Arthur Brooks’ NYT op-ed last week on the importance of fathers in the future work lives of their children was a good read. It also included this important reminder about work and wellbeing, which is relevant as we all continue to try to figure out what is behind our troubled labor market numbers:
The University of Michigan’s Panel Study of Income Dynamics polls thousands of American families, and its 2009 results show that people who feel good about themselves work more than those who don’t. It asks how often the respondents felt so sad that nothing could cheer them up. My analysis of the study showed that people who felt that way “none of the time” worked 10 percent more hours per week than those who felt that way “most of the time.” This holds true when we eliminate people who worked zero hours, so it is not merely that unemployed people are miserable. This doesn’t prove that extra work hours chase away sadness, but it weakens any argument that the cure for the blues is a French workweek.
by Ryan Streeter on June 13, 2014. Follow Ryan on Twitter.
Mark Perry has updated the following map, which is always illuminating.
Overall, the US produced 22.7% of world GDP in 2013, with only about 4.4% of the world’s population. Three of America’s states (California, Texas and New York) – as separate countries – would rank in the world’s top 13 largest economies. And one of those states – California – produced more than $2 trillion in economic output in 2013 – and the other two (Texas and New York) produced more than $1.5 trillion and $1.3 trillion of GDP in 2013 respectively. The map and these statistics help remind us of the enormity of the economic powerhouse we live in. So let’s not lose sight of how ridiculously large and powerful the US economy is, and how much wealth and prosperity is being created all the time in the world’s largest economic engine.
John Dearie at e21 draws a connection between flagging productivity and flagging entrepreneurship:
Throughout modern economic history, entrepreneurs and the start-ups they launch have been the principal source of the innovation that drives productivity gains…Alarmingly, entrepreneurship in America is in trouble. In an important new paper released by the Brookings Institution on May 5th, economists Robert Litan and Ian Hathaway show that new business formation and businesses dynamism—the economically vital process by which firms continually launch, expand, contract, and fail—has been in persistent decline over the last few decades…
He cites the rise of regulations as a big part of the problem:
Last year more than 3,600 new regulations were finalized and an additional 2,600 were proposed. Nearly 90,000 new final regulations have been promulgated over the past 20 years—an average of more than 4,300 each year. [Wayne] Crews [of CEI] estimates the overall cost of regulatory compliance and its economic impact to be $1.9 trillion annually—equivalent to the tenth largest economy on Earth.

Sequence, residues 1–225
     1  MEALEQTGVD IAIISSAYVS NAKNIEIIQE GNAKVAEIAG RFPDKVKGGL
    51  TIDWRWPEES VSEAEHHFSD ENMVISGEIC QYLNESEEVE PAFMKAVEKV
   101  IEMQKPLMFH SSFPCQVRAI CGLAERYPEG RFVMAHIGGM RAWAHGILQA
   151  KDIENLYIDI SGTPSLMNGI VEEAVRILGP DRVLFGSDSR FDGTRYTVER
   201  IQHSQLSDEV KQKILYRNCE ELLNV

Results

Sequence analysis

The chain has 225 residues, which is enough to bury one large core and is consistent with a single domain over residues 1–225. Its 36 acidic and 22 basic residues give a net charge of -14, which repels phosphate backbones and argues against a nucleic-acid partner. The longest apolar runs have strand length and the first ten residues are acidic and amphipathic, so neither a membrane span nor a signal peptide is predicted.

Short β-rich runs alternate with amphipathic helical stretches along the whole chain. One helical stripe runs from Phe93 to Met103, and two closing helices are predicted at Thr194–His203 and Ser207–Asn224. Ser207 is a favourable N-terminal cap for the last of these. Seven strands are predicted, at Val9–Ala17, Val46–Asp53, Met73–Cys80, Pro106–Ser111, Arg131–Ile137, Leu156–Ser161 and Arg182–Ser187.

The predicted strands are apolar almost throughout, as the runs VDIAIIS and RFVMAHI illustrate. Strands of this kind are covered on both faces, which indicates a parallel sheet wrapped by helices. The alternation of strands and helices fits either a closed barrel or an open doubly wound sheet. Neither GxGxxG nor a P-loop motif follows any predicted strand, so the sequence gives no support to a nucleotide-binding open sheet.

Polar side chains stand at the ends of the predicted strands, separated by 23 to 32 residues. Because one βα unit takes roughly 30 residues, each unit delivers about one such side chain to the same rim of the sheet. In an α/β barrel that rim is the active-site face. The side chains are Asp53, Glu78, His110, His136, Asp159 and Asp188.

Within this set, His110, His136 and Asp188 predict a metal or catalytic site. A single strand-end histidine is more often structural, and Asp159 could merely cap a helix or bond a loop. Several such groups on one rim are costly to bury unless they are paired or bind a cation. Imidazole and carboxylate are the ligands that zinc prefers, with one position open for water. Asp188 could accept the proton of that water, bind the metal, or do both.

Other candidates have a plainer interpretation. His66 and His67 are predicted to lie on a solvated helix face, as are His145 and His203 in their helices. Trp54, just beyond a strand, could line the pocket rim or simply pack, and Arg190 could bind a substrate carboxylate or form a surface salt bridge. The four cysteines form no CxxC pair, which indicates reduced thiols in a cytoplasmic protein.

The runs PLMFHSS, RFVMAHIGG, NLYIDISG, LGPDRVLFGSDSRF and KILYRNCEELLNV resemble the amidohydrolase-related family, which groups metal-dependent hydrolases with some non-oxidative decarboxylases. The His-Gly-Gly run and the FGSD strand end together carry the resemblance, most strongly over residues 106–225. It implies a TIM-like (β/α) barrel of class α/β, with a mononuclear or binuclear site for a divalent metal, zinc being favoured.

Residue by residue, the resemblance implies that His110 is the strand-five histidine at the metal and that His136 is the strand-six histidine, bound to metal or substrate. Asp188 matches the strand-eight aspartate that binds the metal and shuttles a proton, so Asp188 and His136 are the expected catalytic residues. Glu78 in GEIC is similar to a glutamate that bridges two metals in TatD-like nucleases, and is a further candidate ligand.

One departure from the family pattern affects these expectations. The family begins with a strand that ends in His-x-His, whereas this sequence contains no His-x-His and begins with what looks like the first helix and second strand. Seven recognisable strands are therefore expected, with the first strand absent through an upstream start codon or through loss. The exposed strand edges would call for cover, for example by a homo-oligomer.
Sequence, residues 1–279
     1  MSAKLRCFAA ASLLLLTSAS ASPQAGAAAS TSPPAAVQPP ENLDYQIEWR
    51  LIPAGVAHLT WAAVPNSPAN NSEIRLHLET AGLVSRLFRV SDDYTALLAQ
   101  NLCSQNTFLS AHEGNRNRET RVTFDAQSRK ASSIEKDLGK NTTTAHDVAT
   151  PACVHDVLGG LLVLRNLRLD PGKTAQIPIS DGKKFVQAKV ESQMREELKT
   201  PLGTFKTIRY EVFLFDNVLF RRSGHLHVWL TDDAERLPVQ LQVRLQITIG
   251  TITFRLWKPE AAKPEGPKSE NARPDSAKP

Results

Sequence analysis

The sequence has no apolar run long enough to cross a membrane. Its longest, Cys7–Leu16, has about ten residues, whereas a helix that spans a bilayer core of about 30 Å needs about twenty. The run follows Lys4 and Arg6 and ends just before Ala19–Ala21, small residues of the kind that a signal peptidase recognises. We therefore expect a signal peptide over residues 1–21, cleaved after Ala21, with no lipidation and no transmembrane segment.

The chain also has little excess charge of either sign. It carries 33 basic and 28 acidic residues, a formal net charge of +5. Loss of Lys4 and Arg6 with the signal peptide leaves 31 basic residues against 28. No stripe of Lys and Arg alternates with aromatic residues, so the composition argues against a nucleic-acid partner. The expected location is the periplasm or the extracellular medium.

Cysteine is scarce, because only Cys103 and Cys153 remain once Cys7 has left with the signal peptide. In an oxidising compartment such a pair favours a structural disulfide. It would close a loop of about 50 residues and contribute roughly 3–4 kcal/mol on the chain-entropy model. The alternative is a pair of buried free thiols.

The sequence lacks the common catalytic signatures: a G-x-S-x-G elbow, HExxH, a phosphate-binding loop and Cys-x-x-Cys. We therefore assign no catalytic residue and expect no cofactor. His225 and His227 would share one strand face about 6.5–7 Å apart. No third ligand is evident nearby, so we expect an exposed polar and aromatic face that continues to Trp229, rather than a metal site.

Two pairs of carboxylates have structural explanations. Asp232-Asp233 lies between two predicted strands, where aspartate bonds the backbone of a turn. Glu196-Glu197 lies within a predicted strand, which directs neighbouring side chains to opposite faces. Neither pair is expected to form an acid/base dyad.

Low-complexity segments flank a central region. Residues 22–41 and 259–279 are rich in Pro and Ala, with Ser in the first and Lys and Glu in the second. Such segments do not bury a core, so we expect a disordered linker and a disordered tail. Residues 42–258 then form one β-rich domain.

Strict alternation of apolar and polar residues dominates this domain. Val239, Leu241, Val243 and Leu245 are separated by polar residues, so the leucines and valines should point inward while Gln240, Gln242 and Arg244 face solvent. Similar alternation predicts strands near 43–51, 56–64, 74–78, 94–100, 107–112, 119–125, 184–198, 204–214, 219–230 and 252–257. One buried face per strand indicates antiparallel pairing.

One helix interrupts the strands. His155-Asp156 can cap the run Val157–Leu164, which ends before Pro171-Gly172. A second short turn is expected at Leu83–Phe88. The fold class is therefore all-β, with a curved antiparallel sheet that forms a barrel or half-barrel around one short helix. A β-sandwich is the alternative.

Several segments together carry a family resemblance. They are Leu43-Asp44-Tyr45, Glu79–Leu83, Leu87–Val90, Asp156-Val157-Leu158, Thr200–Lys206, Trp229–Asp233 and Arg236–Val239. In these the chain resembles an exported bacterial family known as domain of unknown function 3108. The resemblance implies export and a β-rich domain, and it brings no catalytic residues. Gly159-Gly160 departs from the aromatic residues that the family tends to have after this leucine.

He goes on to say:
The stifling effect of over-regulation is particularly acute for fragile start-ups, which lack the resources and scale of large firms over which to absorb and amortize the cost of compliance. A 2010 study by the Small Business Administration found that regulatory compliance costs small businesses 36 percent more per employee than larger firms.
by Ryan Streeter on May 26, 2014. Follow Ryan on Twitter.
According to the Wells Fargo/Gallup small business survey, more than 80 percent of small business owners say they would become a business owner all over again if given the choice. This percentage has been fairly constant over the past decade, unaffected by the recession.
Part of the reason the recession didn’t change that figure is likely because income, it turns out, is not nearly as important to small business owners as the independence owning a business brings. In fact it’s not even close:
by Ryan Streeter on May 26, 2014. Follow Ryan on Twitter.
Richard Vedder writes:
None of the 10 occupations with the largest projected job growth require bachelor’s degrees, and only one (registered nurses) requires a two-year associate’s degree. Six of the top 10 jobs require less than a high school diploma (personal care aides, retail salespersons, home health aides, food preparation and serving, janitors and cleaners, and construction laborers). Among the 30 jobs projected to have the greatest growth, only five require at least a bachelor’s degree (general and operations managers, elementary school teachers, accountants and auditors, software developers, and management analysts).
This Pew survey shows that college graduates under 40 who have student debt have less household wealth than those without student debt. That is obvious, of course, but what might be surprising is the difference between the two groups.
College graduates without student debt have seven times the household wealth as those with student debt. In addition, people under 40 who did not graduate from college and have no school debt have more household wealth than college graduates with debt: